Water Birth

Water birth is childbirth that occurs in water. During the 1970s Michel Odent in France and Igor Tcharkovsky in Russia pioneered the use of water in labour. Proponents believe water birth results in a more relaxed, less painful experience. It is best to enter the pool after the cervix has dilated to 5cm. Before this the relaxing effect of water may reduce the power of contractions. Critics argue that the safety of water birth has not been scientifically proven and that a wide range of adverse neonatal outcomes have been documented, including increased mother or child infections and the possibility of infant drowning. A 2009 Cochrane Review of water immersion during the first stage of labour found that it reduces the use of epidural/spinal analgesia and duration of the first stage of labour. There is limited information for other outcomes related to water use during the first and second stages of labour, due to intervention and outcome variability. There is no specific evidence of increased adverse effects to the baby or woman from labouring in water or water birth. (Elizabeth R Cluett, and Ethel Burns Cochrane Pregnancy and Childbirth Group 2009).

Baby doesn’t usually draw breath until there is contact with the cooler air above the water – the dive reflex. There is a small risk of inhaling water where there is foetal distress, so it is important for normal foetal monitoring of heart rate during labour.

It has been suggested that neonatal infection may occur due to cross-contamination from the water and pool, and from the woman. However, several comparative studies, report no increased risk of infection for the baby (Zanetti-Daellenbach RA, Tschudin S, Zhong XZ, Holzgreve W, Lapaire O, Hösli I. Maternal and neonatal infection and obstetrical outcome in water birth. European Journal of Obstetrics & Gynecology and Reproductive Biology 2007;134(1):37-43.). As with all maternity care it is necessary to adhere to cleaning protocols for labour and birthing pools, and employ usual precautions.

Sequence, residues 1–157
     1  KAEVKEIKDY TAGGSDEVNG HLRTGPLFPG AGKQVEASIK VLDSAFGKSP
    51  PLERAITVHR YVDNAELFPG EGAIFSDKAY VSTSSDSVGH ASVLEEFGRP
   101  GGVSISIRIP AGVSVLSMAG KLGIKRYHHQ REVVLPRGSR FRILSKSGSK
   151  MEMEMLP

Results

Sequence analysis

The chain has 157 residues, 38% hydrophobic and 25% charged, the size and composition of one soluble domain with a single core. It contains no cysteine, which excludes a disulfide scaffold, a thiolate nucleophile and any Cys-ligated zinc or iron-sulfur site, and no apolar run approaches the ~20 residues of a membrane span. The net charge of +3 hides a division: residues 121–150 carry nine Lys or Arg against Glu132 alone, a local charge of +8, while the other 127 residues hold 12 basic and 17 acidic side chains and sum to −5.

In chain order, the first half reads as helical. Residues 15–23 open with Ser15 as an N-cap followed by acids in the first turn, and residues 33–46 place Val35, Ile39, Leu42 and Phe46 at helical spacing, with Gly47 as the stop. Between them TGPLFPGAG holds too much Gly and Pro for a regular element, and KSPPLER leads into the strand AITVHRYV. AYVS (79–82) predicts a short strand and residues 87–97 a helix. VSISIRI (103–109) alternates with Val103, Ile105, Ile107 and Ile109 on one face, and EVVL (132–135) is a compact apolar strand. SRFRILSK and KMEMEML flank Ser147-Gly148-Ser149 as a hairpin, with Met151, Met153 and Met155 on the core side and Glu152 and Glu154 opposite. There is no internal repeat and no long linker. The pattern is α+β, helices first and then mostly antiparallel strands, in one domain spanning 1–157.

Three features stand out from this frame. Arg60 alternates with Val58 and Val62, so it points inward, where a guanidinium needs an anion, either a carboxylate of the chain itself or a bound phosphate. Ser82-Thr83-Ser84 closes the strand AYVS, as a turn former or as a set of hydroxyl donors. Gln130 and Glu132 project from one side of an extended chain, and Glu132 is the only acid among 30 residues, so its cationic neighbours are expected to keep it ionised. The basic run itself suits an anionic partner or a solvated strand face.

As with any labouring woman, it is important to avoid her becoming pyrexial. Therefore, the water temperature of a pool should not exceed the maternal body temperature, as immersing a woman in water above her natural core temperature will result in foetal hyperthermia and associated cardiovascular and metabolic disturbances. High temperatures have been identified as a safety issue by several authors as being associated with foetal mortality and morbidity, based on individual case studies. (Deans AC, Steer PH. Temperature of pool is important. BMJ 1995;311:390-1.).


Reid-Campion M. Hydrotherapy: Principles and Practice. 2nd Edition. Oxford: Butterworth Heineman, 1997.

Jones L, Othman M, Dowswell T, Alfirevic Z, Gates S, Newburn M, et al. Pain management for women in labour: an overview of systematic reviews. Cochrane Database of Systematic Reviews 2011, Issue 7

Mammas IN, Thiagarajan P. Water aspiration syndrome at birth – report of two cases. Journal of Maternal-Fetal and Neonatal Medicine 2009;22(4):365-7.

Department of Health. Changing Childbirth. HMSO, 1993.

Thoeni A, Zech N, Moroder L, Ploner F. Review of 600 water births. Does water birth increase the risk of neonatal infection?. Journal of Maternal-Fetal and Neonatal Medicine 2005;17(5):357-61.